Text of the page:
Getting Started With African American Research
The desire to navigate one’s identity and heritage can be easily overwhelmed by an onslaught of information and resources. Tackling your family history does not have to be complicated if you follow the right steps. This handout is designed to help you follow a step-by-step process on how to effectively get started. To have a hard copy of this information, head here
- 1 Step 1: Write Down What You Know
- 2 Step 2: Find Artifacts Around the Home
- 3 Step 3: Interview Relatives
- 4 Step 4: Create a FamilySearch Account
- 5 Step 5: Create Your Own Family Tree
- 6 Step 6: Search for Existing Ancestors
- 7 Step 7: Look for Blanks
- 8 Step 8: Search for Historical Records
- 9 Step 9: Add Photos and Stories
- 10 Step 10: Work Together As A Family
Step 1: Write Down What You Know[edit | edit source]
Contrary to modern instinct, capturing your family history doesn’t begin online—it begins with you! Before you head online, write down everything you know about your family. Print out a pedigree chart or fill out a My Family booklet to help keep track of everyone. Doing so will help you to easily spot any holes or gaps in information.
Step 2: Find Artifacts Around the Home[edit | edit source]
Look for any possible information about your family and ancestors in records you may have in your home or in a relative’s home. The more information you gather, the easier it will be to locate and recognize individuals in other records. Records to look for include: obituaries, funeral programs, death records, birth records, journals, diaries, family Bibles, family letters, and photographs. Though not always easy to access, visiting cemeteries and/or headstones of relatives can help you collect useful information as well. Label and organize the documents and photos you have discovered and thoroughly review them for additional information and facts.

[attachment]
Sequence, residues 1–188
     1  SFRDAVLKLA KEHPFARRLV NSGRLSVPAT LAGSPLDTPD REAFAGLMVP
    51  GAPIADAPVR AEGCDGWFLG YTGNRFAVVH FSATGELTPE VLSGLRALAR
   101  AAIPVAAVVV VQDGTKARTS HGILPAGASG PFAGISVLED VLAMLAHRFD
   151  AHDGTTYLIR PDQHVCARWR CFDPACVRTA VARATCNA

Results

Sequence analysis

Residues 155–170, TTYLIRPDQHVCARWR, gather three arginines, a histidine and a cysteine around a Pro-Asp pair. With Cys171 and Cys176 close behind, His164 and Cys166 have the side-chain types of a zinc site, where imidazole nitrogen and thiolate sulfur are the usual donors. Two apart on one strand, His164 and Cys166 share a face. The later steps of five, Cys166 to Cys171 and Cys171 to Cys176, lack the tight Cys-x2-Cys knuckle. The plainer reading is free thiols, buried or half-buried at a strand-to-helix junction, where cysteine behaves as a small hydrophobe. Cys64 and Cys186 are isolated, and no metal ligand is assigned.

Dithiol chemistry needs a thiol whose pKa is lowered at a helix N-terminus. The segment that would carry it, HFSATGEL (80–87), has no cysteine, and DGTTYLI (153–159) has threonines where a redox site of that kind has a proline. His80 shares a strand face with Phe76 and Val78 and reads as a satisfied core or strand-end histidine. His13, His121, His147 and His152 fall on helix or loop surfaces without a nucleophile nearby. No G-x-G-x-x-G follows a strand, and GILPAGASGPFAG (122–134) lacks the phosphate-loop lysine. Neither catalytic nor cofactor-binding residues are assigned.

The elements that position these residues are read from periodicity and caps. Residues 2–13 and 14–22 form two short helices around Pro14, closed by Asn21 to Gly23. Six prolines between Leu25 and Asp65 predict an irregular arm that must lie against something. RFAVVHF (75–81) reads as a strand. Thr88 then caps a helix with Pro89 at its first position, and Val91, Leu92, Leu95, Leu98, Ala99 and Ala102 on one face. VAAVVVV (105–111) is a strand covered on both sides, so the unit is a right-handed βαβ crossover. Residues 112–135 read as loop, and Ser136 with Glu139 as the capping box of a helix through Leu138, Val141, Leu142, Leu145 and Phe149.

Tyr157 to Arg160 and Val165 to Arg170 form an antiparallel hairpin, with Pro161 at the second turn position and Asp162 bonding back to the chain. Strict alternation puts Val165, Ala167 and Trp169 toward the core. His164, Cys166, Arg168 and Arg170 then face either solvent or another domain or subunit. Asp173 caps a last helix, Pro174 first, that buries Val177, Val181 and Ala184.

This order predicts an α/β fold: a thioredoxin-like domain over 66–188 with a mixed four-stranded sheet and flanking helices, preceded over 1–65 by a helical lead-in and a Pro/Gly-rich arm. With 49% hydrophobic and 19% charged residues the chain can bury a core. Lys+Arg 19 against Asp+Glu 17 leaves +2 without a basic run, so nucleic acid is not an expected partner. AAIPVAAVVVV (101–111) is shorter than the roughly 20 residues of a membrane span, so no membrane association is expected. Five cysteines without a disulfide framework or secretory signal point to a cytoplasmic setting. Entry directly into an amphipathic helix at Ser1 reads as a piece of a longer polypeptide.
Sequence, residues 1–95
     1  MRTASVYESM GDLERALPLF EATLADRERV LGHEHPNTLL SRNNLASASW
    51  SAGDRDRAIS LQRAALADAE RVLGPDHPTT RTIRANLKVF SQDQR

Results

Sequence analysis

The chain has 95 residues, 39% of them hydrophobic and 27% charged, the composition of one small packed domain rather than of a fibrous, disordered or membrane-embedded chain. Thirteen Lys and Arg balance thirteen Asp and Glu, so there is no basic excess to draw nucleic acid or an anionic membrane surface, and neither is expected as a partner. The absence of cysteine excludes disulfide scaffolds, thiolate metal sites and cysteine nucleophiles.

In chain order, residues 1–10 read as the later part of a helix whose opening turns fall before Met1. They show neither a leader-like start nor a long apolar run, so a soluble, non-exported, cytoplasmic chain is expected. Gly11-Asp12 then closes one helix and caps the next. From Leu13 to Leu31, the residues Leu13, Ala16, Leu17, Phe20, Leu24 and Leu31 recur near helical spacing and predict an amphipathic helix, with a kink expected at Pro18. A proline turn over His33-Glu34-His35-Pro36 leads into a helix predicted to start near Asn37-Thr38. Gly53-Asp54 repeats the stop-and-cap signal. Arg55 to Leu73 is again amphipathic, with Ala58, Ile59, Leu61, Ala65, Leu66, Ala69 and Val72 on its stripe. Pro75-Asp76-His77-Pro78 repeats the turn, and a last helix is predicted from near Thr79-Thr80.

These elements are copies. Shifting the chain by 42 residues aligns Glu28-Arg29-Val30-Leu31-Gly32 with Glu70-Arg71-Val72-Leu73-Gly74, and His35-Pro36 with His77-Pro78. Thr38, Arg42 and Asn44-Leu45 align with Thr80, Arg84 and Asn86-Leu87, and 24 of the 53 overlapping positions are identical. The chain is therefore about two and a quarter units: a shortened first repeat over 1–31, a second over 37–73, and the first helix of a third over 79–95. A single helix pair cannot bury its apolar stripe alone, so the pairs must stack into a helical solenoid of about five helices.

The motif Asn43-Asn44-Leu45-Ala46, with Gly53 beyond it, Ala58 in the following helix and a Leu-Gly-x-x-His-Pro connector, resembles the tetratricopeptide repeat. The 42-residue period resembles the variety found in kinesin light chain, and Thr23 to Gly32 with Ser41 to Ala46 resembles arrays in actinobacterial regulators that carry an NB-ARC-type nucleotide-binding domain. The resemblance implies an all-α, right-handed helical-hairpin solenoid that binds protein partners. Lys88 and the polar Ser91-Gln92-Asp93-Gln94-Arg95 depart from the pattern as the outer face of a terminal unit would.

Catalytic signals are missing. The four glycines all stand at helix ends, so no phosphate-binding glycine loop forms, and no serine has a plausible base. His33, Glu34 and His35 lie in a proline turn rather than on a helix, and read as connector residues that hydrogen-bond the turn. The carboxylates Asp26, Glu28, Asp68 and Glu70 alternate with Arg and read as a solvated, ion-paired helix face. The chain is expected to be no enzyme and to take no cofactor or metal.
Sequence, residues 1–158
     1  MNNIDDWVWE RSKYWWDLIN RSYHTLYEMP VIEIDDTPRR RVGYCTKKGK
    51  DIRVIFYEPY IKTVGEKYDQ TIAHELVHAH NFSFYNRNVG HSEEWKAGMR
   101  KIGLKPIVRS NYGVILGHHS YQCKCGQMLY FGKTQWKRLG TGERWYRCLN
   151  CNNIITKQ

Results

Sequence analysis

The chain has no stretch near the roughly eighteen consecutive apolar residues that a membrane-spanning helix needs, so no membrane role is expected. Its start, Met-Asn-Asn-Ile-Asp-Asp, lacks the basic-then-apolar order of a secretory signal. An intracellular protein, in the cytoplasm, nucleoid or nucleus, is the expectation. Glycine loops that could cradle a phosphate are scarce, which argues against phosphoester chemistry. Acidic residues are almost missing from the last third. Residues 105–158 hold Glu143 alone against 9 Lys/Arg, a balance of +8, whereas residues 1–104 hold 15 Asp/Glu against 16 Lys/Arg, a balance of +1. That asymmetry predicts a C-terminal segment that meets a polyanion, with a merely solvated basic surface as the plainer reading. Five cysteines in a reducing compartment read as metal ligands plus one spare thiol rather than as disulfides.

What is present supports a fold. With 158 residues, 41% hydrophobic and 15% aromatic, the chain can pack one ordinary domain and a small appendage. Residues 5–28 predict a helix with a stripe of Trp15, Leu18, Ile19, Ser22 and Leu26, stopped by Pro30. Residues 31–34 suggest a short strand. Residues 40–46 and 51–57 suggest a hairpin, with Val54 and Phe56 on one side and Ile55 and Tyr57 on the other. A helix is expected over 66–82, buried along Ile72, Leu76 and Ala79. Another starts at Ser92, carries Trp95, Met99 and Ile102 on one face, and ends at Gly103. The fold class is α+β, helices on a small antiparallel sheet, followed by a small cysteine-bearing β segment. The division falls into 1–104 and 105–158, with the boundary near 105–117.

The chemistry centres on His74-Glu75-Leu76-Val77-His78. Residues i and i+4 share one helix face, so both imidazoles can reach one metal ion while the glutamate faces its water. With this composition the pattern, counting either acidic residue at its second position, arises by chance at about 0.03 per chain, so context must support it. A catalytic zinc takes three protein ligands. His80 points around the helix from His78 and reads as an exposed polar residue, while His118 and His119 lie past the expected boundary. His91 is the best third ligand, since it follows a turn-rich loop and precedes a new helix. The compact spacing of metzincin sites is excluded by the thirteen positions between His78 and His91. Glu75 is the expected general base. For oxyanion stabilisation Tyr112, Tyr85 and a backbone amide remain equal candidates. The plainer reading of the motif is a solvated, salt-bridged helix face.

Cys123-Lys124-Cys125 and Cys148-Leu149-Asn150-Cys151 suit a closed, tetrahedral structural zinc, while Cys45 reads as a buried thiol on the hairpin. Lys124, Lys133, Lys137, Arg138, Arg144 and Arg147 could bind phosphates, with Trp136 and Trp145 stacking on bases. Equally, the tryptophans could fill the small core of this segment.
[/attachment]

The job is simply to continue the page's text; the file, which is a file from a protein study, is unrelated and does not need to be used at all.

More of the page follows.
Step 3: Interview Relatives[edit | edit source]
After you have exhausted your own personal knowledge, it’s time to reach out to your parents, siblings, and extended relatives to document the people and facts that you’ve yet to uncover. Ask them for your help in filling in the blanks of your pedigree chart or My Family booklet.
Beyond asking for basic information, conducting interviews with your relatives will help you in compiling an oral history. Oral histories add an invaluable layer with stories, personalities, and details that bring your ancestors to life. The FamilySearch Family Tree and FamilySearch Memories app can help you to record those interviews.
For tips on how to successfully conduct an interview, head to the FamilySearch Wiki page: Creating Oral Histories
Step 4: Create a FamilySearch Account[edit | edit source]
Once you’ve laid the proper foundation, now is the time to get online and input the information you’ve collected. Head to FamilySearch.org and sign-up for a free account. You will need an email address or an SMS phone number in order to create one.